Researchers Remove the Need for Anti-Rejection Drugs in Transplant Recipients
MINNEAPOLIS, MN- August 2, 2019 – For decades, immunologists have been trying to train the transplant recipient’s immune system to accept transplanted cells and organs without the long-term use of anti-rejection drugs. New University of Minnesota preclinical research shows that this is now possible.
In a study published in Nature Communications, researchers at the University of Minnesota Medical School’s Department of Surgery and Schulze Diabetes Institute, collaborating with colleagues at Northwestern University, have maintained long-term survival and function of pancreatic islet transplants despite complete discontinuation of all anti-rejection drugs on day 21 after the transplant. This study was performed in a stringent preclinical transplant setting in nonhuman primates, one step away from humans.
For many patients with end-stage organ failure, transplantation is the only effective and remaining treatment option. To prevent transplant rejection, recipients must take medications long-term that suppress the body’s immune system. These immunosuppressive drugs are effective at preventing rejection over the short term; however, because anti-rejection drugs suppress all of the immune system nonspecifically, people taking these drugs face the risk of serious infections and even cancer. Additionally, non-immunological side effects of immunosuppression, such as hypertension, kidney toxicity, diarrhea, and diabetes diminish the benefits of transplantation. Finally, immunosuppressive drugs are much less effective at preventing transplant rejection over a long period of time, thereby leading to graft loss in many recipients.
Because a growing population of chronically immunosuppressed transplant recipients face that impasse, which might adversely affect their survival, generations of immunologists have pursued immune tolerance as the primary goal in the field of transplantation medicine. Inducing tolerance to transplants would eliminate the need for chronic immunosuppression and enhance transplant and patient survival. Proof that immune tolerance of transplants can be achieved was first demonstrated in mice by Peter Medawar in his Nobel Prize–winning Nature article more than 65 years ago. Yet, despite its immense significance, transplant tolerance has been achieved in only a very few patients.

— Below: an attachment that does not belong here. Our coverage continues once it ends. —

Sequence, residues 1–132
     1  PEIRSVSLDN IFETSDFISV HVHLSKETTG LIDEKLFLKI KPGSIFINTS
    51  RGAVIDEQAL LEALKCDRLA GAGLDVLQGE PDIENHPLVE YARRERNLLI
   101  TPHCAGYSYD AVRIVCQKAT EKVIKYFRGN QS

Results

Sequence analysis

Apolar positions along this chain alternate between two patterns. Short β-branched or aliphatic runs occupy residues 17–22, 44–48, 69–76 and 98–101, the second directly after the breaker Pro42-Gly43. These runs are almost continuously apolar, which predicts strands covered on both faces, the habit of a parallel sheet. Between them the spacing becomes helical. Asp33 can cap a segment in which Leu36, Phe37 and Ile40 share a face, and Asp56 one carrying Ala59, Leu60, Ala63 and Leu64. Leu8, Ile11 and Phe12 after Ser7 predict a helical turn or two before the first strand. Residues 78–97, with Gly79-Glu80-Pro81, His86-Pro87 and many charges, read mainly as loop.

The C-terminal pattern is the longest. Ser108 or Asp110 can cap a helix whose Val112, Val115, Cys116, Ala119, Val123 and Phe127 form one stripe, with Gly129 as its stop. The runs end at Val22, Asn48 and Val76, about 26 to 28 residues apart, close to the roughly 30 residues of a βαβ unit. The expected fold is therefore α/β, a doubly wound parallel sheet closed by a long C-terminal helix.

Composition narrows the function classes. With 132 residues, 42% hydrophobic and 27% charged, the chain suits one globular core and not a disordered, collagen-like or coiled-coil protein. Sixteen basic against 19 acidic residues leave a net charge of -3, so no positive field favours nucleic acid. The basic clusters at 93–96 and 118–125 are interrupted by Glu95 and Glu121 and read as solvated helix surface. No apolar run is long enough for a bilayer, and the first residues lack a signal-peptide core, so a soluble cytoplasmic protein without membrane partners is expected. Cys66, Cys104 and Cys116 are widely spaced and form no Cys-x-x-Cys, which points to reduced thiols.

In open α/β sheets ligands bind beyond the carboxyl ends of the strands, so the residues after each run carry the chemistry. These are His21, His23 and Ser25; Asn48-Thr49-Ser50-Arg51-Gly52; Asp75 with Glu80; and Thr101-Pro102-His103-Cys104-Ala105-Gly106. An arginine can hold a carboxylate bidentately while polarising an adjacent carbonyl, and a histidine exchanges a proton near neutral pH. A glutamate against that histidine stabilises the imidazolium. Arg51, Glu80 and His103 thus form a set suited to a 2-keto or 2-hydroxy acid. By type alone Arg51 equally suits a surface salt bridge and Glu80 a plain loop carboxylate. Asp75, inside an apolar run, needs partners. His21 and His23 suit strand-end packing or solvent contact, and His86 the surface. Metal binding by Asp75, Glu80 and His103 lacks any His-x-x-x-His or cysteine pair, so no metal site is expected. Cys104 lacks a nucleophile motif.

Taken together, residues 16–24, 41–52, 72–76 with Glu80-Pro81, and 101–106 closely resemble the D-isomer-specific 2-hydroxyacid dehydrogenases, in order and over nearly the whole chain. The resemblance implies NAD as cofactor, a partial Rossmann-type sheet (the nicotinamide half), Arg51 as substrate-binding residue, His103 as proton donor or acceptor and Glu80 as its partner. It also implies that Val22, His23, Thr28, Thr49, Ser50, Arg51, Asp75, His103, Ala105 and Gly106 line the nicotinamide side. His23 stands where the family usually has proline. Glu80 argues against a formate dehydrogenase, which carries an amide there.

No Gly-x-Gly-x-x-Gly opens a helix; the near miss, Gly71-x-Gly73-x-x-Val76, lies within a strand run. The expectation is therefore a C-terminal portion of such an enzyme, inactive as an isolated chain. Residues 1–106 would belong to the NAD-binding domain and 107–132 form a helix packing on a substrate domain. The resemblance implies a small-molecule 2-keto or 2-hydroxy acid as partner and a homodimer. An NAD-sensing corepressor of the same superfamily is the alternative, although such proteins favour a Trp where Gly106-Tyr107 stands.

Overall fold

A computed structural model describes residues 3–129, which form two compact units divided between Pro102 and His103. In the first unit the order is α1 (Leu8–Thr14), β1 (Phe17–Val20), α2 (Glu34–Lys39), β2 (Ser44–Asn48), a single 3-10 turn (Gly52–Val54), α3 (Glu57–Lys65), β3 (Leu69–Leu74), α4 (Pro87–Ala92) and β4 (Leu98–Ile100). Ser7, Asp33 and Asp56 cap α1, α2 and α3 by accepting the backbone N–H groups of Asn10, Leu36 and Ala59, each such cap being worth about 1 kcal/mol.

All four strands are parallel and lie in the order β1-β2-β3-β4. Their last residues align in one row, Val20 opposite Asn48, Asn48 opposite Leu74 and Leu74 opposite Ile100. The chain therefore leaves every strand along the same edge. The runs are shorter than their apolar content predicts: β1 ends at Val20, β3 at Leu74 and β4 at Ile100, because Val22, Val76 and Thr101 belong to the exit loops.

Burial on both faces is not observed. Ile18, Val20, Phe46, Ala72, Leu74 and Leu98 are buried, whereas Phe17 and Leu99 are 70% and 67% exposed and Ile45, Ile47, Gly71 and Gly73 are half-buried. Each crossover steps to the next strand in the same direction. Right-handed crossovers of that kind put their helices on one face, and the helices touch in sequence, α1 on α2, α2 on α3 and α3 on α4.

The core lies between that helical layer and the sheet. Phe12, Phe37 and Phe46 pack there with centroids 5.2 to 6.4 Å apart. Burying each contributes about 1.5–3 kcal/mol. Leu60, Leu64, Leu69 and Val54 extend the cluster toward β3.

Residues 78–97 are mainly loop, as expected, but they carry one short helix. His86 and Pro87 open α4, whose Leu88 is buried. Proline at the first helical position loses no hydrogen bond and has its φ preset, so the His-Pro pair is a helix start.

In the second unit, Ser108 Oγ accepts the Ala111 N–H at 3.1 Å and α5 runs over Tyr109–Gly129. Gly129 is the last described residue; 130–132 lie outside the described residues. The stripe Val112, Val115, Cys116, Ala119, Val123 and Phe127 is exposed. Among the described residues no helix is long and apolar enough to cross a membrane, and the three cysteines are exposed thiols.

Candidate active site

This new study capitalizes on the unique attributes of modified donor white blood cells, which were infused into transplant recipients one week before and one day after the transplant, thereby recapitulating nature’s formula for maintaining the body’s tolerance of its own tissues and organs. Without the need for long-term antirejection drugs, islet cell transplants could become the treatment option of choice, and possibly a cure, for many people burdened by type 1 diabetes.
“Our study is the first that reliably and safely induces lasting immune tolerance of transplants in nonhuman primates,” said senior author Bernhard Hering, MD, Professor and Vice Chair of Translational Medicine in the Department of Surgery at the University of Minnesota, who also holds the Jeffrey Dobbs and David Sutherland, MD, PhD, Chair in Diabetes Research. “The consistency with which we were able to induce and maintain tolerance to transplants in nonhuman primates makes us very hopeful that our findings can be confirmed for the benefit of patients in planned clinical trials in pancreatic islet and living-donor kidney transplantation - it would open an entirely new era in transplantation medicine.”
This study was funded by the National Institute of Allergy and Infectious Diseases of the National Institutes of Health as part of the Nonhuman Primate Transplantation Tolerance Cooperative Study Group under Award Number U01AI102463. The content is solely the responsibility of the authors and does not necessarily represent the official views of the National Institutes of Health. The study was also supported by the Diabetes Research and Wellness Foundation, the Transplant Division in the University of Minnesota’s Department of Surgery, and philanthropy through the University of Minnesota Foundation.
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